2018 in review – how the GCC outperformed peers in bond markets

Against a backdrop of slower global growth, the GCC bonds and sukuk market had a reasonably constructive year

On May 16, John Iossifidis, chief executive of Noor Bank, rang Nasdaq Dubai’s market-opening bell to celebrate the listing of Noor Bank’s $500 million sukuk, acknowledged with a prominent congratulatory message displayed on Nasdaq Tower in Times Square, New York. Courtesy Noor Bank
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This year has been one of the worst on record this decade for global bond markets. While the key driver for negative returns has been rising benchmark interest rates, expectations of slower global growth and a wavering outlook on oil prices also played their part in dampening investor demand and causing credit spreads to widen. Against this backdrop, the GCC bonds and sukuk market had a reasonably constructive year.

The GCC fixed rate USD-denominated bond and sukuk universe increased by 17 per cent from total outstanding issues of $264 billion (Dh969.54bn) as at December 2017 to $310 billion as of mid-December 2018. New bonds issued in 2018 surpassed the $77 billion mark. Though this is less than the $85 billion recorded in 2017, it was achieved as oil revenues were on the rise, helping government budget deficits to narrow and their external funding needs to diminish.

The secondary market performance of new issues was lackluster, largely attributed to rising interest rates instead of any idiosyncratic negative perception on any given issuer. A refreshing development was the increase in corporate issuance with several new corporates tapping the bond market for the first time in 2018. Corporate issues accounted for 18 per cent of the total this year compared with 12 per cent last year. The average deal size fell as there were fewer jumbo sovereign deals this year. A total of 220 issues accounted for the total $77 billion raised compared with 191 issues for $85 billion in 2017.

At mid-December, the total return on Barclays GCC bond index was a small gain of +0.03 per cent compared with a loss of -2.93 per cent on the wider emerging market USD bond index. The GCC’s outperformance was facilitated by several positive developments during the year – the key one being the decision by JP Morgan to include the sovereign and quasi-government bonds from Bahrain, Kuwait, Qatar, KSA and UAE into its widely followed emerging market bond index (EMBI Index) from January 2019 onwards. The inclusion of the bonds and sukuk market in the index will occur in a phased manner over nine months between January and September 2019. In the end, the GCC will account for 11 per cent of the total index.

In the GCC, activity in the primary market, liquidity in the secondary market and general changes in the credit quality of the issuers – all are impacted by the level of oil prices. Driven by continued global growth and discipline around production levels, oil prices followed an ascending trajectory in the first three quarters of this year which in turn helped boost sentiment on GCC bonds. There were more positive changes to credit ratings and outlooks than negatives during the year.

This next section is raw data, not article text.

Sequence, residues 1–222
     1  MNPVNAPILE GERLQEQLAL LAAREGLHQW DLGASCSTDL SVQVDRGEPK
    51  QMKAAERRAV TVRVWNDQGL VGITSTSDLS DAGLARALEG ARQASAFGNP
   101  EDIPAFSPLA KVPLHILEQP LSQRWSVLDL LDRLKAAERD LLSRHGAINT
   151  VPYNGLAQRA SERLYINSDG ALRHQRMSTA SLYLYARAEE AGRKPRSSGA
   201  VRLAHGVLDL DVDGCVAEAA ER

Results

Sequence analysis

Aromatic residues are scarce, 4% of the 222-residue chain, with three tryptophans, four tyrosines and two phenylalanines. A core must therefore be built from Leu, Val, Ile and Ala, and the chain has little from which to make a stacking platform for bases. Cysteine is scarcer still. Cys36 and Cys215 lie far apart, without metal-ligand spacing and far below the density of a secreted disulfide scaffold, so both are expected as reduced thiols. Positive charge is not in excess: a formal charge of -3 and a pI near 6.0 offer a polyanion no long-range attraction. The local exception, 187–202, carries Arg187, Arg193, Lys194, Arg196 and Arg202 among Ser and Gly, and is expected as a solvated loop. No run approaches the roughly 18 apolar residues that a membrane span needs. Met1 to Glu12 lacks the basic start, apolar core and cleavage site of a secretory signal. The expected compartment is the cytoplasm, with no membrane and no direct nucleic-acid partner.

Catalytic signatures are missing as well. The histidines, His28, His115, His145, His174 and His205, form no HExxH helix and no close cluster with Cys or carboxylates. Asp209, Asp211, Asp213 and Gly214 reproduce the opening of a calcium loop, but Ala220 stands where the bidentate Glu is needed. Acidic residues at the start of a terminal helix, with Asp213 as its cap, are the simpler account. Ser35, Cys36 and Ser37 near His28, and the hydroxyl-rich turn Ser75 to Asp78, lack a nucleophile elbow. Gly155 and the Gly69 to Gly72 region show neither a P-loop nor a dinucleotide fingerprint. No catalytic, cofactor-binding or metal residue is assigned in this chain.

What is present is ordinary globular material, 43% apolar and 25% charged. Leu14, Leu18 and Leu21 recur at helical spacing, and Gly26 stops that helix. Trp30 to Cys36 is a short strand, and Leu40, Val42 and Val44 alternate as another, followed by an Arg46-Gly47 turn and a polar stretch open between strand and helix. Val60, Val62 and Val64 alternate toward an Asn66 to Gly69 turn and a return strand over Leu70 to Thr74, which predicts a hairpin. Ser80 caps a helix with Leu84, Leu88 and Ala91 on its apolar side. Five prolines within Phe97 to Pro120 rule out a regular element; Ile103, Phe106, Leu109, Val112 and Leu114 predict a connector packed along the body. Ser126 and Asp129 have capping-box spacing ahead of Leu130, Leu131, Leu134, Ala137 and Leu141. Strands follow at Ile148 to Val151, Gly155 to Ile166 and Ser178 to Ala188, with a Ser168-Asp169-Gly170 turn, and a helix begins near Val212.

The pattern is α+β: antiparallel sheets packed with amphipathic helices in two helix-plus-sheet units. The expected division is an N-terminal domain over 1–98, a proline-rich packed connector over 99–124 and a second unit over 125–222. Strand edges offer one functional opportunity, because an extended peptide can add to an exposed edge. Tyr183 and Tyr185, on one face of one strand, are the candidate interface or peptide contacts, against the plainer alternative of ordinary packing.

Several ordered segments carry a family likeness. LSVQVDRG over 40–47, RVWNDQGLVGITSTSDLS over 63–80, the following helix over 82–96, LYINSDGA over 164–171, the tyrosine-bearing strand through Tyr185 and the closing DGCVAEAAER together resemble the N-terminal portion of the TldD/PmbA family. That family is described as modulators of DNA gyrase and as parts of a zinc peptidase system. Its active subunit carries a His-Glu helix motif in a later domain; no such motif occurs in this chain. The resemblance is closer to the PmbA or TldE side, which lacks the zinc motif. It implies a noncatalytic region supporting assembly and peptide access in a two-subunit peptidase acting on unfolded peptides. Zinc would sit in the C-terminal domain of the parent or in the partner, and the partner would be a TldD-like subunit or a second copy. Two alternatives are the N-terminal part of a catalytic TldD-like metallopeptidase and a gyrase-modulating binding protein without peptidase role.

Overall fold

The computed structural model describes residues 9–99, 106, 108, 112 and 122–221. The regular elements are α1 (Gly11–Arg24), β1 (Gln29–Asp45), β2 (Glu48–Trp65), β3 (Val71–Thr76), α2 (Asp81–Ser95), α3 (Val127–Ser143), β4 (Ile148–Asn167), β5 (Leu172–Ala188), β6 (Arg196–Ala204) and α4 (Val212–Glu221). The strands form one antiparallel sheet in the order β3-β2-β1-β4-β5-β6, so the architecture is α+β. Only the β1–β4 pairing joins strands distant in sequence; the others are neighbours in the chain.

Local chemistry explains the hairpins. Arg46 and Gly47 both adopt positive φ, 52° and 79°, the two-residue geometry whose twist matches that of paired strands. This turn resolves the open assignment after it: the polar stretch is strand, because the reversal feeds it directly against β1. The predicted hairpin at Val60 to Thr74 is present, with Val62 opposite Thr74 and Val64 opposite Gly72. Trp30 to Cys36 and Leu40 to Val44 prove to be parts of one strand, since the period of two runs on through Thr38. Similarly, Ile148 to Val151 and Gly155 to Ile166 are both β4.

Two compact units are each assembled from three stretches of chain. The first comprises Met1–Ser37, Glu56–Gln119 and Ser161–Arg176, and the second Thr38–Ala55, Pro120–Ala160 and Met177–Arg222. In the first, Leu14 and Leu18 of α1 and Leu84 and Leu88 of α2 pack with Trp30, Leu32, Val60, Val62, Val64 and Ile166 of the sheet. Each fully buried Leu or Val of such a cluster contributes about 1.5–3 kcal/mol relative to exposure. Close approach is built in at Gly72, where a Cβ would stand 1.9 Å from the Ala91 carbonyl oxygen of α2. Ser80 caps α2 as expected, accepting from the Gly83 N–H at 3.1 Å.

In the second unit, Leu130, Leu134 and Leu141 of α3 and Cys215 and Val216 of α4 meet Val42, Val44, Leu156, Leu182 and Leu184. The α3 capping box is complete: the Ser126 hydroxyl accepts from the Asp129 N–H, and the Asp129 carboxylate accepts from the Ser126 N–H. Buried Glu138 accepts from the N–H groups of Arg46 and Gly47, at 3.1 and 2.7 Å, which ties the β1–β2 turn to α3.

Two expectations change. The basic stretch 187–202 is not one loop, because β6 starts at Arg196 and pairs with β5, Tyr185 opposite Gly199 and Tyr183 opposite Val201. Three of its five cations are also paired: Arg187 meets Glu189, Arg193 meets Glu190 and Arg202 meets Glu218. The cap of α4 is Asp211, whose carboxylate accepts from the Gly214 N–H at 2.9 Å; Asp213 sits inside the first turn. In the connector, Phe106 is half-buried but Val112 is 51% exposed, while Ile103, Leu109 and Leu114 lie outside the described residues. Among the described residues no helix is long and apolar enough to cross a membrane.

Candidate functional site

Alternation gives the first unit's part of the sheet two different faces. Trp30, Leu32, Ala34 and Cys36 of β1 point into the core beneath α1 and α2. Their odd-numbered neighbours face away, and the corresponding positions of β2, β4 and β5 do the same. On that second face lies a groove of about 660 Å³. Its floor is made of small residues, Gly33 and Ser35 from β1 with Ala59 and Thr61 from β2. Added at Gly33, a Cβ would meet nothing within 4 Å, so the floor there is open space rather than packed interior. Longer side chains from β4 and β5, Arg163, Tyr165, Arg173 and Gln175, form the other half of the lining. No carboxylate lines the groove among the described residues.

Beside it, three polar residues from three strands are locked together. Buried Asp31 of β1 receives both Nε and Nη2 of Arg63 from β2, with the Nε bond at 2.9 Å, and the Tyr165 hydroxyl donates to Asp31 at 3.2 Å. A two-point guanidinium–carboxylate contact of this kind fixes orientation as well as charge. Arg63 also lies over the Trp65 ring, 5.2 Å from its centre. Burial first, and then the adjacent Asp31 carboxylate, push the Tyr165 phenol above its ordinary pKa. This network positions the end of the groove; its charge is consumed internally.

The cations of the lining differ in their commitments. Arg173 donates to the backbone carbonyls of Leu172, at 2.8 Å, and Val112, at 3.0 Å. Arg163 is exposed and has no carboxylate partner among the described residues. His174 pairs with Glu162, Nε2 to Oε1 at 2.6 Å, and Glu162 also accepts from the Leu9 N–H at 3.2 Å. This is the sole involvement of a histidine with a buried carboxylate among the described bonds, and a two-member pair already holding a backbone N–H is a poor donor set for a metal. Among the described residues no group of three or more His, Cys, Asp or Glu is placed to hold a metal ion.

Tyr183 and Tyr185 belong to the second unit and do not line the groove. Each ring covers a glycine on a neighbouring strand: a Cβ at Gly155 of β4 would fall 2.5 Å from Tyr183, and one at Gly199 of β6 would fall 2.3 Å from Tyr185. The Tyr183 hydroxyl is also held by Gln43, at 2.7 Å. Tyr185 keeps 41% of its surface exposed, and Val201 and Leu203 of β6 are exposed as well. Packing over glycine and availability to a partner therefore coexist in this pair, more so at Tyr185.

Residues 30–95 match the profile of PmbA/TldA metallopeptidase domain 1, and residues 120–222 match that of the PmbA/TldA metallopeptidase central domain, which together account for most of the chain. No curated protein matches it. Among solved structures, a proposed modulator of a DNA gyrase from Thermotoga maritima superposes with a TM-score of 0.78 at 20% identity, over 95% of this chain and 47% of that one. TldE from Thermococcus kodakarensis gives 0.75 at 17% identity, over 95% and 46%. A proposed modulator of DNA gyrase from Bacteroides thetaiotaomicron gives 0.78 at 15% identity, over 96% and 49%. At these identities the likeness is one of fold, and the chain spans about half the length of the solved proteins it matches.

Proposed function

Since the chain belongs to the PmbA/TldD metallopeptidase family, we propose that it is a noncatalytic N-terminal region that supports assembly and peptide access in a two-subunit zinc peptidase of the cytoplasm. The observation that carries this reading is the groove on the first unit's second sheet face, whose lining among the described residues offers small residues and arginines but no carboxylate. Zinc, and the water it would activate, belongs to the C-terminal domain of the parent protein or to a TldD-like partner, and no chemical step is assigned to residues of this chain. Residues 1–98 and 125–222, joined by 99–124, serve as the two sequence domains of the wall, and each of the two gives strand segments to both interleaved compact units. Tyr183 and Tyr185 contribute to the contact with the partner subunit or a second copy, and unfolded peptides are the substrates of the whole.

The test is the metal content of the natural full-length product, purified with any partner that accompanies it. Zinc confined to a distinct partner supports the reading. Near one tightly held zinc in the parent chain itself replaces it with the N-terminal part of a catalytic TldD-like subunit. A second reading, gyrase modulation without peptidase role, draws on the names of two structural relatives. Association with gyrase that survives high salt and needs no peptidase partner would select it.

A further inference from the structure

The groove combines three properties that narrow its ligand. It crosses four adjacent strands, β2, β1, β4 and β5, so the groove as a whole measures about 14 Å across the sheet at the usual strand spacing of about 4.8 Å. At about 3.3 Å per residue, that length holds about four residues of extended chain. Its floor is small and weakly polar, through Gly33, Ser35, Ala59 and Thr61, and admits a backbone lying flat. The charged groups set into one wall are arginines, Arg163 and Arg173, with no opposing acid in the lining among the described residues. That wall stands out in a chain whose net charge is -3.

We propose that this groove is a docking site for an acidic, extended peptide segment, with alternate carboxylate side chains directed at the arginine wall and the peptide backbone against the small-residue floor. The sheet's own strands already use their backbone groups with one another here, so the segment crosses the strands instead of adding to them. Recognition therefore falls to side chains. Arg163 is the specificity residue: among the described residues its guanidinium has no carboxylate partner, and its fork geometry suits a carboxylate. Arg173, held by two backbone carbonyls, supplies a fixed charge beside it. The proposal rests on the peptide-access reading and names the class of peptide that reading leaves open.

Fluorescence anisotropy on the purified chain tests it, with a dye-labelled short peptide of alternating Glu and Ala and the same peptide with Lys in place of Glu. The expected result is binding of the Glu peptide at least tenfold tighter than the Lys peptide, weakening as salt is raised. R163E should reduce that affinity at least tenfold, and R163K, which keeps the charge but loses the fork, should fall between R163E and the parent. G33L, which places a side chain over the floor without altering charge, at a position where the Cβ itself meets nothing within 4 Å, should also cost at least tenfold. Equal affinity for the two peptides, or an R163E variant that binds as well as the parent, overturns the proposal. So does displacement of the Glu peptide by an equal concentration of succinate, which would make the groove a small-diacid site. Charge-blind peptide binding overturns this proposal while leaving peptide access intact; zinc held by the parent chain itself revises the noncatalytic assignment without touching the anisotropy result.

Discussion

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Bahrain’s stretched public finances had been a concern for some time. Even though some support from Saudi Arabia was always expected, investors panicked after the Bahrain government failed to complete a funding exercise in March and April. The eventual announcement of a $10 billion aid package from neighbours KSA, Kuwait and the UAE adequately negated the default risk which otherwise could have had material detrimental impact on regional markets. In a similar light, the constructive resolution of the Dana Gas default further stabilised investor sentiment of the region.

Looking ahead, the GCC bond market is expected to continue growing with local currency markets picking up pace. Unlike in the USD-denominated bond space, the UAE lagged behind its GCC neighbours in issuing local currency denominated bonds. In this regard, 2018 marked a big milestone, with the government announcing finalisation of the Federal Debt Law (FDL). Under the law, the UAE government is expected to establish a federal Debt Management Office, seek a credit rating and begin issuing bonds and sukuk soon. The FDL is expected to pave the way for the establishment of a dirham-based government yield curve which in turn will likely be soon followed by corporate issuances.

In 2019, the negative impact of rising US interest rates is expected to be counterbalanced by coupon collection. Potential fallout from ongoing trade tensions between the US and China on GCC bonds is likely to be mild and indirect. China is one of the largest importers of oil and any decline in China’s GDP growth may have repercussions for oil prices and the GCC’s oil revenues. That said, despite headwinds, we expect GCC bonds and sukuk to continue outperforming their emerging market peers in the coming months.

Anita Yadav is Senior Director and Head of Fixed Income Research at Emirates NBD, which is a member of The Gulf Bond and Sukuk Association.